[extropy-chat] Goldbach's Conjecture Resolved! A Story

spike spike66 at comcast.net
Thu Oct 12 03:28:11 UTC 2006

> bounces at lists.extropy.org] On Behalf Of Lee Corbin
> Subject: [extropy-chat] Goldbach's Conjecture Resolved! A Story
> The singularity happened all right...
> The request was simple. Determine whether the particular number
>     428 08791  39342 94963  22581 56917  17541 83578  75376 65202...
> 33150 27368  53375 70181  59431 66642
> is the sum is the sum of two primes, or not!  ...

I have discovered something truly remarkable.  While fooling with Lee's
question of determining if 4.281E4228 (call it Lee's Number) is the sum of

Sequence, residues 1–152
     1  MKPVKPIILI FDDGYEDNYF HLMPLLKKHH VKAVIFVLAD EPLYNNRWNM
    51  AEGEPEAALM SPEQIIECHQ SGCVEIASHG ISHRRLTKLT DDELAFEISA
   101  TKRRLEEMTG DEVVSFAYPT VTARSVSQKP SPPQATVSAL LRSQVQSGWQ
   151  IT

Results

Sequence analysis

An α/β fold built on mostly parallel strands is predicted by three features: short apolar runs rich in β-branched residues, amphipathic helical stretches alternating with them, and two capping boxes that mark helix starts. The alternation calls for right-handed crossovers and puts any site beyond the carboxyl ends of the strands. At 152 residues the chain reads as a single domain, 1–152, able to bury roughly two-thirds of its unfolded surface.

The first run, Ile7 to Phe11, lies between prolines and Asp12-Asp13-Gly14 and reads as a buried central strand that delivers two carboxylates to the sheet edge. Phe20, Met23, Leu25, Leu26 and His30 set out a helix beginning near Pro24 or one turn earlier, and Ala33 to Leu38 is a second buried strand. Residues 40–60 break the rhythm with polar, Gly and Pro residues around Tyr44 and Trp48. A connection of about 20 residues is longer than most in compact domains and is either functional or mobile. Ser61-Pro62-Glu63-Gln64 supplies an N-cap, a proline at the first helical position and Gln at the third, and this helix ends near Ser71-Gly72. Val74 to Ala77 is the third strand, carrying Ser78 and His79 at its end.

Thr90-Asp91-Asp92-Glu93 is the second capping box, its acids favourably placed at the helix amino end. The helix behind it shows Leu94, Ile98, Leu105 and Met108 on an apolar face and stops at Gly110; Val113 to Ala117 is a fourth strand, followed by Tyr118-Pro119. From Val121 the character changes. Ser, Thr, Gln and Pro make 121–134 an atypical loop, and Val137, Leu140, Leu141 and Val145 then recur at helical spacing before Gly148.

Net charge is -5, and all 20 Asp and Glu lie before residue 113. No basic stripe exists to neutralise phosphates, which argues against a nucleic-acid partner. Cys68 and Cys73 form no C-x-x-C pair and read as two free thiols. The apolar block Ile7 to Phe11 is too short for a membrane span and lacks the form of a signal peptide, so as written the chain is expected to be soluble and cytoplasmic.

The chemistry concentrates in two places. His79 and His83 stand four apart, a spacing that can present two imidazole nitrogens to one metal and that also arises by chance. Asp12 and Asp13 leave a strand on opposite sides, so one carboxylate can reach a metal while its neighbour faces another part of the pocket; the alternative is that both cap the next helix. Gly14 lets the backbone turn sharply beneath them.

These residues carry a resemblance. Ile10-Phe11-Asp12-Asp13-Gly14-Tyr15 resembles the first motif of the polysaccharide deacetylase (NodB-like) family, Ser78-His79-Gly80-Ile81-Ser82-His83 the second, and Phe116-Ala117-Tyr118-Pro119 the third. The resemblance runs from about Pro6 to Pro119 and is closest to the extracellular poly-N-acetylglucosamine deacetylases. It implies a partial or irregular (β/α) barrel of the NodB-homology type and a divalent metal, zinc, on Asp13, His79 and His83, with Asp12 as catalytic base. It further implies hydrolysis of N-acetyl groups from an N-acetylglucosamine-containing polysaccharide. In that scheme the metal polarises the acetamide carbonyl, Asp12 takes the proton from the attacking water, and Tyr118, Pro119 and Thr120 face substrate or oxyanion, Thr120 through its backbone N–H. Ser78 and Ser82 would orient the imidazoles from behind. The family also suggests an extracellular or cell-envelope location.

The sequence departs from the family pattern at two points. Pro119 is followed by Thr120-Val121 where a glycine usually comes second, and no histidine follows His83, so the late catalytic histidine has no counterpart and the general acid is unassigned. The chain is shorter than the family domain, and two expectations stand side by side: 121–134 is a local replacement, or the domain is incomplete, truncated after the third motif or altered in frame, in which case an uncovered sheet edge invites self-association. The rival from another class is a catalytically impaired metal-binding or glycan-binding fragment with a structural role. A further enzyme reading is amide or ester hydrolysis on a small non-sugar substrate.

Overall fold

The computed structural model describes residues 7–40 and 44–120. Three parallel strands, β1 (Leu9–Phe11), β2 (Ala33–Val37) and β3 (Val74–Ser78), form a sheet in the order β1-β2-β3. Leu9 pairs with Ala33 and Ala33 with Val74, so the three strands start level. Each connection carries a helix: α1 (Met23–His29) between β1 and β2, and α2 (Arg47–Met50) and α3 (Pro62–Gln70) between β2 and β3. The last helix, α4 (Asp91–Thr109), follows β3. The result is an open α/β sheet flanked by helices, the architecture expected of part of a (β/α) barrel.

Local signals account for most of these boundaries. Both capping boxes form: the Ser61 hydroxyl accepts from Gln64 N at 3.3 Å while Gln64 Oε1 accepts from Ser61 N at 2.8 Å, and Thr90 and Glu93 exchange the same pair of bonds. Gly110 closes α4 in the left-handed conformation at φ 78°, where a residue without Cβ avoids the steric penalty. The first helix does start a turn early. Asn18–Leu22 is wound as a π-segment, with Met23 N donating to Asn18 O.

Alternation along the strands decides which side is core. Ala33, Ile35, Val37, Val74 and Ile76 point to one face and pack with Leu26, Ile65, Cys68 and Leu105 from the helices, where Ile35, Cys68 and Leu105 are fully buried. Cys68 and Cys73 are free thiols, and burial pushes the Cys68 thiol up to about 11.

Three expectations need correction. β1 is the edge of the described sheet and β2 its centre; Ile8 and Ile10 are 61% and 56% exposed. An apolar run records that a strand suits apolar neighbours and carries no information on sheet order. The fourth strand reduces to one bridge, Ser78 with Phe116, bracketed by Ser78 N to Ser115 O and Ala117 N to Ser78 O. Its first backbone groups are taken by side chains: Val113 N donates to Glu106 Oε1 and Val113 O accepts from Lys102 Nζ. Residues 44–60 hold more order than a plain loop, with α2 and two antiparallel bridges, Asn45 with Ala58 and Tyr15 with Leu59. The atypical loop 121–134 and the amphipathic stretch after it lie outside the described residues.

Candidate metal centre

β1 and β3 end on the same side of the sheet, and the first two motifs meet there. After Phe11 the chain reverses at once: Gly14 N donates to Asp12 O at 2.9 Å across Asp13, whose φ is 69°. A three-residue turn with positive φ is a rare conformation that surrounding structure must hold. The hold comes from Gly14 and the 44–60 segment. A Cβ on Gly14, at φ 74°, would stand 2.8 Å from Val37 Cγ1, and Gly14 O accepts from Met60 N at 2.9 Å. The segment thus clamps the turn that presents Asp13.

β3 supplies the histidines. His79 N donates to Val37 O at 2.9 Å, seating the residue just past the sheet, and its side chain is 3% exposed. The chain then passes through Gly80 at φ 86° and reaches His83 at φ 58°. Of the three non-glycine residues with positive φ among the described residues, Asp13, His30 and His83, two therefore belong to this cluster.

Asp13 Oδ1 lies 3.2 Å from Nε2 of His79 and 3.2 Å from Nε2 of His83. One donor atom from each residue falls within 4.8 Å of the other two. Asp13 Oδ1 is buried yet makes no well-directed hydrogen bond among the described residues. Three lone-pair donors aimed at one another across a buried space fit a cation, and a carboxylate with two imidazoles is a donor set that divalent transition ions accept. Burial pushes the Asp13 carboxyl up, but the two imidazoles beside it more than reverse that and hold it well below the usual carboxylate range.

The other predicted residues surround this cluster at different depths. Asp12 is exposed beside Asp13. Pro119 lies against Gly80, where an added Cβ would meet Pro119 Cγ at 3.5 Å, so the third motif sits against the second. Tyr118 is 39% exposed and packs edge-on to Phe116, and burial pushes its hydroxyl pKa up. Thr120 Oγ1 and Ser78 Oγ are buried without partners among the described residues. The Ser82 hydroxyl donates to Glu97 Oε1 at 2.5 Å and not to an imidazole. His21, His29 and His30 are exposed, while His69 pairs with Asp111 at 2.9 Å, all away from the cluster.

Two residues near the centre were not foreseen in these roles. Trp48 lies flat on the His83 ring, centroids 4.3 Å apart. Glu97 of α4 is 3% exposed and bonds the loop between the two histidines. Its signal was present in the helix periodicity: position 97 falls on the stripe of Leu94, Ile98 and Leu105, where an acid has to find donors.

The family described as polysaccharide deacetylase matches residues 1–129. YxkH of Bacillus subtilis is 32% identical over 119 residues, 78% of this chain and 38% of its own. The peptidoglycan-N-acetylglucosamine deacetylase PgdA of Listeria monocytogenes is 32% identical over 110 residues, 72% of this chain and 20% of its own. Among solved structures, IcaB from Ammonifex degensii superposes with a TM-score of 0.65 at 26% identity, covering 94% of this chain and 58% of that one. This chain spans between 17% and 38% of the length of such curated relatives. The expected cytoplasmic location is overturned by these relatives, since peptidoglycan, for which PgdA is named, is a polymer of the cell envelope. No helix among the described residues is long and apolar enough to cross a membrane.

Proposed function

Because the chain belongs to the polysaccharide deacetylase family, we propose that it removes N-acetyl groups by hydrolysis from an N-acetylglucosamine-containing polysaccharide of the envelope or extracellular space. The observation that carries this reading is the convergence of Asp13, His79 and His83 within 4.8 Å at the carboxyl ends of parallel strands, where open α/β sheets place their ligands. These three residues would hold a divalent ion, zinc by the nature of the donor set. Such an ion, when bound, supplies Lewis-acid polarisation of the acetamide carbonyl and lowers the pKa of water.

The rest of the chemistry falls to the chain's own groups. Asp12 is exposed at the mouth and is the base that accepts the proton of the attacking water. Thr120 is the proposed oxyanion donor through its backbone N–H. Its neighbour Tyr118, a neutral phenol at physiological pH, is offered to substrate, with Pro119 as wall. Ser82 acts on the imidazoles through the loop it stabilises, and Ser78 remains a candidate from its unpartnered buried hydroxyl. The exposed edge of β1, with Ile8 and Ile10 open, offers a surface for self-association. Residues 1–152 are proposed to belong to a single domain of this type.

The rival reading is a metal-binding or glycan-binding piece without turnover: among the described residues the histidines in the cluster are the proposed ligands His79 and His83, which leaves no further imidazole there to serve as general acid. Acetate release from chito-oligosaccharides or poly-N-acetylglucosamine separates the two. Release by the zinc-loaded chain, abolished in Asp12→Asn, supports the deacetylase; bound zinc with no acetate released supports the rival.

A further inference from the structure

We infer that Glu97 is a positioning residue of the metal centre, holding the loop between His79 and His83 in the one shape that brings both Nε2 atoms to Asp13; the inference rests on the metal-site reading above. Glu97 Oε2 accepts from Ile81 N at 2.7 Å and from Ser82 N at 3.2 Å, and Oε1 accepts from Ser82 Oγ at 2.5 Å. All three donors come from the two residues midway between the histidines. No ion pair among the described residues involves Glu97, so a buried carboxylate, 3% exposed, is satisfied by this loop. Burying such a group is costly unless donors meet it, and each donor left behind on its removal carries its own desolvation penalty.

two primes, I have found a way to determine that Lee's Number can be
expressed as the sum of two primes in approximately 4E3170 different ways.

No kidding, for once.

Let P(n) be the number of different ways a positive even integer n can be
expressed as the sum of two primes.  For consistency with previous work, let
us assume 1 is not prime, but twice a prime counts in P.  For instance,
P(14) = 2 because 11+3 and 7+7 would count but not 13+1.  

I have found that P(n) ~ .15*n^0.75

So P(Lee's Number) ~ 4E3170

This approximation is good to within a factor of two 98.7% of the time and
within a factor of 3 for all even integers above 2 up to 32000, which is as
high as I have checked it.

I found something even more cool that that, which I will post tomorrow.


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